Posted on 06/23/2013 by Juan Cole [Reblogged here. Please visit the Juan Cole site]
The police state, a term first coined in the mid-19th century in German (Polizeistaat), is characterized by a standing political police, by intense domestic surveillance and by restrictions on the movements of citizens. Police states are on a spectrum, and unfortunately in the past decade the United States has moved toward police-stateness in small but key ways. Here are the signs:
1. The United States National Security Administration recently requisitioned all Verizon phone records in the US for a period of 3 months. Your telephone records (who you called and for how long) say a great deal about you. This is a form of mass surveillance.
2. The US has assigned 250 NSA agents to sift through a massive further British database of US telecommunications and email, derived from attaching packet analyzers to transatlantic fiber optic cables.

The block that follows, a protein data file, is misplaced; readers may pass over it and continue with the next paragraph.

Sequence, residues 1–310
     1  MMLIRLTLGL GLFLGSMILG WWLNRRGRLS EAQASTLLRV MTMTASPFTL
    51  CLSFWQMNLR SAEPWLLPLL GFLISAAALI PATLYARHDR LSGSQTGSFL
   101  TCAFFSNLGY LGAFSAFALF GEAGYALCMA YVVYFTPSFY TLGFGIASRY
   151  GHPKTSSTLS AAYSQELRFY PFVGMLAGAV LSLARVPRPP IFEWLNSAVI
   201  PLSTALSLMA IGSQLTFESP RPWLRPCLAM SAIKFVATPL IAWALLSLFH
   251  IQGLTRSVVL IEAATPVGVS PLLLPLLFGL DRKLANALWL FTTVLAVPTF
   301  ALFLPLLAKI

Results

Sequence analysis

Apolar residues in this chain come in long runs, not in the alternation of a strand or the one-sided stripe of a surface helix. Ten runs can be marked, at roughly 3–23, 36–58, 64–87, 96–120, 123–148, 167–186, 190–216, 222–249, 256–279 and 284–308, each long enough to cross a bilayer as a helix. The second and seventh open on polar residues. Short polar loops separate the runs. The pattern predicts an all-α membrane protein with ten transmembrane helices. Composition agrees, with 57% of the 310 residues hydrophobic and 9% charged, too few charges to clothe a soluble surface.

Where Are the Champions?
An interactive map of every championship in the history of MLB, the NBA, the NHL, and the NFL.
By Chris Kirk|Posted Thursday, June 6, 2013, at 7:52 AM on Slate
This interactive method of viewing the distribution of sports championships around the country through time is fascinating. It is also applicable to many other subjects and I suspect visualization might make the results even more obvious (how about the distribution of Federal money to the states?).